let's try this again, players. btw, while i admire spunk, the traditional means of communicating disagreement is a reasonable letter to the editor.

chaitin's book

If you've never had the pleasure of reading G. J. Chaitin, the Algorithmic Information Theory text I referenced is freely available. Thanks a lot, Professor Chaitin! This kind of thing is really appreciated, simply because a pdf can be searched.

automatic extraction of parallelism

[Be forewarned: I'm about to appeal to a number of fields I don't know in much depth. Experts might find one suggestion or another bewildering. As opposed to spending much time trying to figure out what I mean, you can likely assume it to be gibberish -- assuming you're indeed a suitable expert, and not just a jackass.]

I have been marinating on this today, putting on my algorithmic information theory hat following the semester's close. As it turned out, PLD and automated theorem proving hats were also needed.

Think of decompositions as a language to be recognized by some turing machine. We have all the decidable languages at our disposal; can dependence-free decomposition be described by a DL?

An hour's review of the research suggests that:
  1. there's a ton of PLD research into this at a formal languages / program transformation standpoint. most of it makes use of toy languages that'll work great for half a page examples in some obscure journal. LogP is a great example of this kind of thing.
  2. from a dynamics standpoint, you have hoare and milner and all that hoary old communicating processes stuff. it's a great mathematical description of processes as they're running but not applicable, or at least not applied, to program analysis. deriving a milner system or any other pi-calculus description from program text seems a nonstarter in the Entscheidungsproblem sense
  3. quentin stout's seminal busy beaver work seems a great place to start putting the nails in any behavioral analysis argument and thus also anything involving "so we start simulating...." nosir, no we don't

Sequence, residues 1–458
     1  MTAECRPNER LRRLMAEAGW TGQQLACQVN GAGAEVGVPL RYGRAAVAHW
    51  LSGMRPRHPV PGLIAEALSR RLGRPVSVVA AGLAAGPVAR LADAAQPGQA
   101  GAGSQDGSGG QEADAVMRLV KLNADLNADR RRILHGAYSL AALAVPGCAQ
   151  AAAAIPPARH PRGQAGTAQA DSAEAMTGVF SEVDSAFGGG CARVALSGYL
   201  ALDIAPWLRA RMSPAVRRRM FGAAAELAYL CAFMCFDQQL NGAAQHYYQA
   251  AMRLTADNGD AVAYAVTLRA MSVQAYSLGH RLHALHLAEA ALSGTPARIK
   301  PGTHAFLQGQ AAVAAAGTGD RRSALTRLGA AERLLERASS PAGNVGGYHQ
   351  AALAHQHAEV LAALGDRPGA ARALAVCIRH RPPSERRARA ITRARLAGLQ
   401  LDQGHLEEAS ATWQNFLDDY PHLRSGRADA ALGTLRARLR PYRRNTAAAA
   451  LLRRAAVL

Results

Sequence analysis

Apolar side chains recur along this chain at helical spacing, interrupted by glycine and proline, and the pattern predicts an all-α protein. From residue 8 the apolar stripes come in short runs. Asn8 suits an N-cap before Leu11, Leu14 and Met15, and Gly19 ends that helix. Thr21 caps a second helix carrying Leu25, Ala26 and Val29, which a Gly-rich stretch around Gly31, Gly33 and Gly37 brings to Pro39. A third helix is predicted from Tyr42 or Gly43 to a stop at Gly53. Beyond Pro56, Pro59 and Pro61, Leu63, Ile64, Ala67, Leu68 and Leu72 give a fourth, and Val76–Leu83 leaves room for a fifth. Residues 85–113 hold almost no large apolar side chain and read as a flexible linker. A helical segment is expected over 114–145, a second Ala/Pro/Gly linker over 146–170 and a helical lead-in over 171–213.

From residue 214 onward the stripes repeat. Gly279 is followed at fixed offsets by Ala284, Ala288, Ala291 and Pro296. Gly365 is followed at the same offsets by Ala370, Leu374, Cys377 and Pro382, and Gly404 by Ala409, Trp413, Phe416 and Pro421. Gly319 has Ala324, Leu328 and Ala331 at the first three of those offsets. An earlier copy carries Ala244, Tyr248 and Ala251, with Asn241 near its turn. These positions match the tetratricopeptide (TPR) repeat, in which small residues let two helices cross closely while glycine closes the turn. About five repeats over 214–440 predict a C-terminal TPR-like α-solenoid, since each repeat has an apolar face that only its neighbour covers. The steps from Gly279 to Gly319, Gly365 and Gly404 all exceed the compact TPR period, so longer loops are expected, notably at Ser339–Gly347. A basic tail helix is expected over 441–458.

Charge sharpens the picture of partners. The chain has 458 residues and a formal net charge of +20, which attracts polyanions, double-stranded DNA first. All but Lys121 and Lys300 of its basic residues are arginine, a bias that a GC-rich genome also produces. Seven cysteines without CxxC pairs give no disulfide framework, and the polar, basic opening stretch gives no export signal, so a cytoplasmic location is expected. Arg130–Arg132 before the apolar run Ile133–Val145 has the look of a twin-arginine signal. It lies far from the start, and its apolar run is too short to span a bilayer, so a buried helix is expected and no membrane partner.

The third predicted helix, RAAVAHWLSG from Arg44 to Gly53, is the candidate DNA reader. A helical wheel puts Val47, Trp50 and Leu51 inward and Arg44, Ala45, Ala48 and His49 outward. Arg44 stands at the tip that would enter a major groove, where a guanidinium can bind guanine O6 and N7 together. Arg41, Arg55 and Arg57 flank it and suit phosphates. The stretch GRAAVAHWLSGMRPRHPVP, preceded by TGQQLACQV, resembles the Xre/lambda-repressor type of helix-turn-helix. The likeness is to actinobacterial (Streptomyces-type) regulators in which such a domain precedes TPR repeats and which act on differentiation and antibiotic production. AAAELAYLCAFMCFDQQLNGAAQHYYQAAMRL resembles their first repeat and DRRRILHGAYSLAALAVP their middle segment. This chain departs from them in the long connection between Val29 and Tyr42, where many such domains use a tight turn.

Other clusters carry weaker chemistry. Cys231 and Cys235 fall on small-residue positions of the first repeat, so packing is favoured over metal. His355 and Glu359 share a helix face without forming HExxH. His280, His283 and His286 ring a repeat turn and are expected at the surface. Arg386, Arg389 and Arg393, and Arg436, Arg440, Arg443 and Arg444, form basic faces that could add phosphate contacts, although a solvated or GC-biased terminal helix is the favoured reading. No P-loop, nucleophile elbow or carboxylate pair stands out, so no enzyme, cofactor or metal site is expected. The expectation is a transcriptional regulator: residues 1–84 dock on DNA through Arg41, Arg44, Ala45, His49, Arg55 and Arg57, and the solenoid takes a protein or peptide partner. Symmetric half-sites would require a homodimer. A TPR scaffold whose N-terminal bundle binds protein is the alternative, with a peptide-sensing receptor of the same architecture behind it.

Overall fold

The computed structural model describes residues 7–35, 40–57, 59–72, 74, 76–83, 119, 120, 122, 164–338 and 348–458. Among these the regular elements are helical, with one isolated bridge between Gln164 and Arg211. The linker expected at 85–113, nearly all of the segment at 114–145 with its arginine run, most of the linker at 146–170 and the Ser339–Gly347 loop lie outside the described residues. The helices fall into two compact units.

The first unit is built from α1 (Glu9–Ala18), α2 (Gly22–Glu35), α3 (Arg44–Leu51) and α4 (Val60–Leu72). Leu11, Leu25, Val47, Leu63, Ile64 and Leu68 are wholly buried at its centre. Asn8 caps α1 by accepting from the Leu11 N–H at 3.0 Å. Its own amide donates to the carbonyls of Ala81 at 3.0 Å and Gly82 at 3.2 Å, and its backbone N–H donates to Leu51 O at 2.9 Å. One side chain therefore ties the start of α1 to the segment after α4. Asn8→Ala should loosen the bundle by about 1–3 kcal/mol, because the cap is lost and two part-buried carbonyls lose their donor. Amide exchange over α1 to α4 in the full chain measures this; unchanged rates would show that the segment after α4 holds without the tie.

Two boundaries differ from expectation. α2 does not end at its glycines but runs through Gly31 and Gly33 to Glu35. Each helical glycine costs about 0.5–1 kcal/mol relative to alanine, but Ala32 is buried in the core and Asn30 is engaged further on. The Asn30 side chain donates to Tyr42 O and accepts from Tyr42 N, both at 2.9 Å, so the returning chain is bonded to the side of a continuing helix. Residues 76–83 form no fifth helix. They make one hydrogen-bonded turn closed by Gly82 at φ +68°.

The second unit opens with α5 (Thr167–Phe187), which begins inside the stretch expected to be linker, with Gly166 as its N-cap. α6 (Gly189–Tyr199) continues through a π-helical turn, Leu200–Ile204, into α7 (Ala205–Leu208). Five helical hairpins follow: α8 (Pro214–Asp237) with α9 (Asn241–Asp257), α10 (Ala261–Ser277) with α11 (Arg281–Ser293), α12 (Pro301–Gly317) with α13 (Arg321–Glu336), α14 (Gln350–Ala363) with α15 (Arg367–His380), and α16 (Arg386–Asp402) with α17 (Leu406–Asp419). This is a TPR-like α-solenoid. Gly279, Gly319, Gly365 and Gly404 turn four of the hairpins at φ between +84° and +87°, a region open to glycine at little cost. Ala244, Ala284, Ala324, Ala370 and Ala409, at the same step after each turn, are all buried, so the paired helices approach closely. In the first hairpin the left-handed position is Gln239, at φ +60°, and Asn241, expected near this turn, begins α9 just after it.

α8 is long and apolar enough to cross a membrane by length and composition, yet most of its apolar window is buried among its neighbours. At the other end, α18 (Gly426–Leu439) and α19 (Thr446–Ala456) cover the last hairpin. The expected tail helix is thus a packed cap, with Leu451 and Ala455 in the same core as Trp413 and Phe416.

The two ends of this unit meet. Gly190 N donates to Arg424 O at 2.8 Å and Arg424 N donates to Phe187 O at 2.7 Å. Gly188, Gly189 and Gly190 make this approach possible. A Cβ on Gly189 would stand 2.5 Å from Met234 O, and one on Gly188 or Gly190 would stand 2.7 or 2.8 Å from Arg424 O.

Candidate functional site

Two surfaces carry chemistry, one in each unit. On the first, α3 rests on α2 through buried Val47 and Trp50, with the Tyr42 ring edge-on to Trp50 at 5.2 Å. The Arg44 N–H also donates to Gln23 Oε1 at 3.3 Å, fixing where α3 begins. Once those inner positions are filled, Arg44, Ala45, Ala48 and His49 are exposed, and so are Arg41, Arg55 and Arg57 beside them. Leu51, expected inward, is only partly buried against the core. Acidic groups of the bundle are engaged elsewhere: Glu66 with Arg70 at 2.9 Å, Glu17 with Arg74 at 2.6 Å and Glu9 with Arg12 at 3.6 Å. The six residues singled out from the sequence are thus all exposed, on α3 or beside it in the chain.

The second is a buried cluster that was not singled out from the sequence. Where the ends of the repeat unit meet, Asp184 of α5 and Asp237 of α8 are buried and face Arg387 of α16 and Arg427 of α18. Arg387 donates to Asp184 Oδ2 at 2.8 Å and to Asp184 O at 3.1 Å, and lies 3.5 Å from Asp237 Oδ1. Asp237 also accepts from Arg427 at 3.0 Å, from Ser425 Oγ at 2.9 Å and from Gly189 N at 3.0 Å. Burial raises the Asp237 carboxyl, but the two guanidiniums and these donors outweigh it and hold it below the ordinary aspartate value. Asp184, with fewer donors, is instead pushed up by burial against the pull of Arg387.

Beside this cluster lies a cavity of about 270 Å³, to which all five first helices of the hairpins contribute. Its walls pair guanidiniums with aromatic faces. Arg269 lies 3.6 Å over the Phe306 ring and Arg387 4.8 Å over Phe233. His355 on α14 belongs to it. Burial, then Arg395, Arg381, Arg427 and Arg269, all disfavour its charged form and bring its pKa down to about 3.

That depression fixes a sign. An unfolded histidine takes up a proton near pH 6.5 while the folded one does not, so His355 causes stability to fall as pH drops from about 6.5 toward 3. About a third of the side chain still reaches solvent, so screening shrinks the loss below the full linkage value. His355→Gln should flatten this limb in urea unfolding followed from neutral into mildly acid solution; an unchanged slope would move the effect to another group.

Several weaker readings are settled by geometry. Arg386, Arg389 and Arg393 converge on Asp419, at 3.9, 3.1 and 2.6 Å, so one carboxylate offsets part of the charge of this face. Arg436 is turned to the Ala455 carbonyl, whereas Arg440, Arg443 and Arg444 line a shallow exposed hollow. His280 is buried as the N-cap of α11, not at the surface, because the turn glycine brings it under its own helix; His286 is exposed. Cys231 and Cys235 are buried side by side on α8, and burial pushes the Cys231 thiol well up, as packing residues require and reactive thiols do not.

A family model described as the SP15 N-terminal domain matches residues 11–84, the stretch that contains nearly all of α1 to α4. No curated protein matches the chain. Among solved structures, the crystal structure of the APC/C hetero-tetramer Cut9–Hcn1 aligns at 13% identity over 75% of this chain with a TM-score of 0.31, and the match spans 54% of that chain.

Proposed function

4. EXPTIME is a class not very well known outside the complexity and AI communities, but a reduction to this class would work for our purposes. Yu Ding's work on description logic satisfiability could be a good starting point.
  5. so let's turn to the AIT folks (this gets a bit esoteric). i've read chaitin's book, and it doesn't have anything really relevant, save all the mathematical tools necessary for talking about program size. how far can we push Chaitin's arithmetization process? this is for data- and not task-based parallelism. can we reduce to some Kolmolgorov description and pair it with some number theory / analysis (think Banerjee's Inequality) to isolate information-theoretic chunks of parallelism?
  6. yeah, heuristics (ala the FFTW paper and countless others). pretty much anything with heuristics is kinda lame IMHO, because the underlying assumptions change more quickly than the code. a spiritual dead end.
The problem seems sorely in need of really firm theoretical underpinnings. A good place to start: 2006's "Extracting Kolmogorov Complexity with Applications to Dimension Zero-One Laws." The miles between AIT's current state and the power we'd need to do anything interesting suggest that (a) there's fundamental results to be had for the taking here and (b) it'll be tough.

What would be just as useful, theoretically, is determining that AIT models *can't* address certain parallelisms, or at a more fundamental level that some decomposition languages can't be described by a type-0 Chomsky grammar. Of course, what we really want is to find a suitable DL, or preferably a parameterized set of such languages generated from a description, in some operator syntax, because then we could *apply* it.

Operator syntaxes! If we can decompose a program into, say, primitive recursive functions and SSA -- well, from Chaitin we already know changes that can be made assuming exponential time. Thus, we don't need a decidable language for the source; we could merely recognize safe and parallel transformations of said IR, if we had a language for THOSE, and rather than try to solve HOW to do it just start testing structured or random transformations upon the source!

To be more practical, you of course can't EXPTIME-ly generate all modifications within a finite distance, but I bet randomized methods could be used to find (with a high degree of probability) any "seed points" with a spark of parallelism, the local space around which more targeted (possibly genetic?) algorithms could search. Think of them as jeweled raindrops of parallelism forming in our stormy, branch-heavy cloud of code.

Either way, recognizing transformations as opposed to recognizing source patterns could be a very key insight here. I should go talk to Prof. Lipton, who ran one hell of a Randomized Algorithms class this semester.

Holla with your thoughts!